Inside: DIY stars that glow in the dark are fun and easy to make. All you need is playdough, toothpicks, and glow-in-the-dark paints.
Space, rockets, sparkling stars, and galaxies are among my kids’ favorite things. They love books about space, Netflix space documentaries, and space-themed crafts and activities.
Life among the Stars
One of our recent discoveries is Look Up With Me: Neil deGrasse Tyson: Life Among the Stars by Jennifer Berne. It’s a biography of the inspiring American astronomer Neil deGrasse Tyson, director of the Hayden Planetarium in New York and science communicator (he makes science easy and exciting). You can read our full review and details about unique photographed paper set illustrations here.
One page in the book shows Tyson’s space-themed room decor and glow-in-the-dark stars when he was growing up. This gave us an idea to explore if stars really sparkle in space. We started by typing “best space photographs” on my laptop for a bit of research and were completely awestruck by the beauty of space.
Do Stars Really Twinkle?
A photograph of a sparkly star on earthsky.com especially caught our attention. Looking at the pic, my six-year-old was moved to recite, “Twinkle, Twinkle, Little Star. How I Wonder What You Are.” And my eight-year-old asked, “Do stars really sparkle?”
My ten-year-old just recently researched that very same topic for his astronomy class, and he shared with us that the answer is “no.” It’s an illusion. But stars do make their own light due to the process called nuclear fusion. So we decided to use phosphorescent paint to make stars that would glow-in-the-dark like real stars.
- Photo Credit: earthsky.org
We decided to copy the above image and make DIY stars with six arms and very colorful. Visit Earthsky.org to see the rainbow of colors in the radial arms of Sirius, the brightest star in the sky.
And if you ever wondered why the giant balls of light, aka stars, appear to have points coming out of them, let me share: it’s due to a distortion of the human eye.
“Everything about stars is either illusion or distortion,” concluded one of my kids 🙂
Glow-in-the-dark Sparkly Stars
What you need
Playdough (the body of the star)
Toothpicks (six per star)
White Crayola paint (optional)
Glitter (for extra sparkle)
String for hanging
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What to do
- Shape play dough into balls.
- We used homemade salt playdough because it becomes hard once dry. We have many favorite recipes. For this project, the following recipe worked really well.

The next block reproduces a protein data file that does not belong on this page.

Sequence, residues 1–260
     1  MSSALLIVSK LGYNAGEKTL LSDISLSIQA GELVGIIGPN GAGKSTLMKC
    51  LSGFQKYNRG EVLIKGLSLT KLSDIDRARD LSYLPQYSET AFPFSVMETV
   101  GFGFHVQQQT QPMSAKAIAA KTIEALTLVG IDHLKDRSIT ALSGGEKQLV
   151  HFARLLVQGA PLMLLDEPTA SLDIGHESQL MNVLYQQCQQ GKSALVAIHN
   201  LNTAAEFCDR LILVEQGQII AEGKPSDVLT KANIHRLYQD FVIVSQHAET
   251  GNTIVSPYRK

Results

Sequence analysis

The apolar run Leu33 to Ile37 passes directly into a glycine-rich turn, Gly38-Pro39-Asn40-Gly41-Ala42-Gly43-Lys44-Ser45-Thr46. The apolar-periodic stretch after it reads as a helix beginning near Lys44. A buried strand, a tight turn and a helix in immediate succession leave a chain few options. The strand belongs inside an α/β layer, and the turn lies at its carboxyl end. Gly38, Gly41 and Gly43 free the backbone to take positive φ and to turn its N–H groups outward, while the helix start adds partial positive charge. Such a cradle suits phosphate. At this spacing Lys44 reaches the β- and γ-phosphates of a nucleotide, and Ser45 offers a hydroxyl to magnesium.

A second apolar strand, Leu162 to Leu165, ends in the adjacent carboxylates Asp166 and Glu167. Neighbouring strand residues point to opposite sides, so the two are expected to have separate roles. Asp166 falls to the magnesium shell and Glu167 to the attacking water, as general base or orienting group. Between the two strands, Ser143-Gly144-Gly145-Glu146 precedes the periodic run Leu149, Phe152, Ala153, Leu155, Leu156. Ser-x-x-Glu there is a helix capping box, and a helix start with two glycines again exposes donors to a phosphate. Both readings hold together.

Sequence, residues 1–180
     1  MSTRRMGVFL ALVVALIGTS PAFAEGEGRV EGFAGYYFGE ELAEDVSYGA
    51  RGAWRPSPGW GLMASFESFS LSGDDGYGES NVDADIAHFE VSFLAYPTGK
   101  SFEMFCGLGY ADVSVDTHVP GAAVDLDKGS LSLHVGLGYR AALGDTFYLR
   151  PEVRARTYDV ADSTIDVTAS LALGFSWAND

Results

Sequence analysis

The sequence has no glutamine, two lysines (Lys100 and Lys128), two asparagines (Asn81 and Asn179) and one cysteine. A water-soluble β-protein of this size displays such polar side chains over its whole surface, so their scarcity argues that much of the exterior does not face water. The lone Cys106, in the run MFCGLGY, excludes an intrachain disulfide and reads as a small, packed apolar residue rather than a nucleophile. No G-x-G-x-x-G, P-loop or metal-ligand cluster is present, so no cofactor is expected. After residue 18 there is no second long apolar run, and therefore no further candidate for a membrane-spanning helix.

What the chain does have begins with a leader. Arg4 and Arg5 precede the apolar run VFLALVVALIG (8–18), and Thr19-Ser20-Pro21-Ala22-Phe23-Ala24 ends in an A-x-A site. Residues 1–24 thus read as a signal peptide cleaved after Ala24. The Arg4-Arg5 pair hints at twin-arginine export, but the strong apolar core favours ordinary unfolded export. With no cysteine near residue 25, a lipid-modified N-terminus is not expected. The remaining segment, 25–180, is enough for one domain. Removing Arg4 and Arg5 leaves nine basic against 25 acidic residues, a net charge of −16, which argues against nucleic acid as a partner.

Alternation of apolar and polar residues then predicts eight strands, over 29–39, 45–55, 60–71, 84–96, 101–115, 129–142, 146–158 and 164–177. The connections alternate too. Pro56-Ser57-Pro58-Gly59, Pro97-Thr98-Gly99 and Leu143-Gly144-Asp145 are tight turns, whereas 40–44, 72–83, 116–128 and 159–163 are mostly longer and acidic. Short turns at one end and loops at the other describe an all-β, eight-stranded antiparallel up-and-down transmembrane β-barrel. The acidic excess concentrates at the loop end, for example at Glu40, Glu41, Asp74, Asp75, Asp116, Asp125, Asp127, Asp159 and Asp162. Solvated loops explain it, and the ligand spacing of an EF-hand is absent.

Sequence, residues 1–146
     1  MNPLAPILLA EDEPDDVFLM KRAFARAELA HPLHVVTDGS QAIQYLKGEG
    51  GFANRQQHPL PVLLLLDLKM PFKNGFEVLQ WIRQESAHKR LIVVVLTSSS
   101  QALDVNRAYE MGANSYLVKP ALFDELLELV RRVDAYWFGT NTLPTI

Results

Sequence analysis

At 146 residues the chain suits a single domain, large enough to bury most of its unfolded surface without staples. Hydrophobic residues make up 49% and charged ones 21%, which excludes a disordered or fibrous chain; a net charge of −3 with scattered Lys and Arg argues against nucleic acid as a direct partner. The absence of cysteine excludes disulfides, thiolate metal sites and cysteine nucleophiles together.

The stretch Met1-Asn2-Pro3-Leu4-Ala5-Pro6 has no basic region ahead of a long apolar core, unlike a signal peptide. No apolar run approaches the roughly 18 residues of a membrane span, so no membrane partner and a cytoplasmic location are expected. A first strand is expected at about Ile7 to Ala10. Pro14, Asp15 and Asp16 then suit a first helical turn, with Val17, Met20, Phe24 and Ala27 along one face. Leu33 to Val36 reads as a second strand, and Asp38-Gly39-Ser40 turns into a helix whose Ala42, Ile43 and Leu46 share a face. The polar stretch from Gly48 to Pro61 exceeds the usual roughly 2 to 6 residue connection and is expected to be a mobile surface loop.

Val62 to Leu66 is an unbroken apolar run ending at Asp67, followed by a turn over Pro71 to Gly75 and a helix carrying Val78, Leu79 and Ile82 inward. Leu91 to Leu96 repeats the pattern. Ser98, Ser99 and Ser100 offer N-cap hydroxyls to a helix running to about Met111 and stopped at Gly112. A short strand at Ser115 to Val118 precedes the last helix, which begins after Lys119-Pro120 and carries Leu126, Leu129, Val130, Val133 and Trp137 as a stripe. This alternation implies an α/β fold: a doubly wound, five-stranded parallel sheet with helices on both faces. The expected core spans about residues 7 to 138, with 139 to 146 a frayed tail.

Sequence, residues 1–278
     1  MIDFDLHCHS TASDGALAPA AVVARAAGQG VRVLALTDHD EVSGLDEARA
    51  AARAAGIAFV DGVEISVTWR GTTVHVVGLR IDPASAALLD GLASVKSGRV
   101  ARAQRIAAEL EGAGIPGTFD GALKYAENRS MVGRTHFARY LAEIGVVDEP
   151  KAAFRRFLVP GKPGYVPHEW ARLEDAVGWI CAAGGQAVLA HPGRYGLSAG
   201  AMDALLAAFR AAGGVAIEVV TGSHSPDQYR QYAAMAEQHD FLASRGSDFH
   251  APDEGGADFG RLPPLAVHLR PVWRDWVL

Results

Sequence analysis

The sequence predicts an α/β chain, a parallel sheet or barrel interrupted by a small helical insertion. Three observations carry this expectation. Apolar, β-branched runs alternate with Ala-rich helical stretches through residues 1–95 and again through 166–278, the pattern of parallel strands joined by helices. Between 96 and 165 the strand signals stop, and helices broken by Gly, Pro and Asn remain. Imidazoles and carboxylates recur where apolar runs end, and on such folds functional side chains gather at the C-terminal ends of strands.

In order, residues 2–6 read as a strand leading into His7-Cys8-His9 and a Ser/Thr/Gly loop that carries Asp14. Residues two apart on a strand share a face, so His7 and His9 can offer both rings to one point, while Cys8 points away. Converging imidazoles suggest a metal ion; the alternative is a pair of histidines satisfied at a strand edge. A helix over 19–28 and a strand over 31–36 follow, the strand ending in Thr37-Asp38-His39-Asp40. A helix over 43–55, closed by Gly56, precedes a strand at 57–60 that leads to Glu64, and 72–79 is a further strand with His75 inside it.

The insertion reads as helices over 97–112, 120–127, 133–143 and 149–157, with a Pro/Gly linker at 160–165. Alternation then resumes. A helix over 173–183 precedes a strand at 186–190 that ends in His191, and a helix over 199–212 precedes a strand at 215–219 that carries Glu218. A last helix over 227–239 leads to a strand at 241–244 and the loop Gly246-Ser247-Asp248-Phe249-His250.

Stir together 1 cup flour, 1/2 cup salt, 1 Tablespoon oil, 1 Tablespoon cream of tartar, and 1/2 cup water. Cook the mixture over medium heat for about 5 minutes stirring constantly. You know it’s ready when it clumps in a ball and pulls away from the walls.
- If you’re planning on hanging your stars, then insert a string into the middle of the ball before shaping.
- You can either insert the toothpicks now or first paint the ball. We tried both and got the most satisfactory results when we painted the ball with white color as a base for glow-in-the-dark paints. Then inserted the toothpicks, and painted with the final colors.
After you inserted the toothpicks, paint your stars with glow-in-the-dark paints and sprinkle with glitter. Stick your stars into playdough or a flower pot for drying.
If you want to make your stars colorful like Earth Sky photo above, then keep adding different colors until you achieve the desired effect.
Your stars are ready!
If you worry about sharp toothpicks poking your children, add silver sequins or beads to the tips. It looks even prettier. To prevent smaller kids from finding a random bead on the floor and eating it, glue small beads and sequins to the toothpicks.
I didn’t realize my toddler painted her elbow until she went to bed and I saw her glowing in the dark!
March is all about Storybook Science: STEM Challenges, Environmental Science (ecology, Earth Day, conservation), Citizen Science, and Space Science. The wonderful series is hosted by Inspirational Laboratories for the 4th year! Click here to check it out if you want to create more opportunities for your children to explore, invent, create, and build!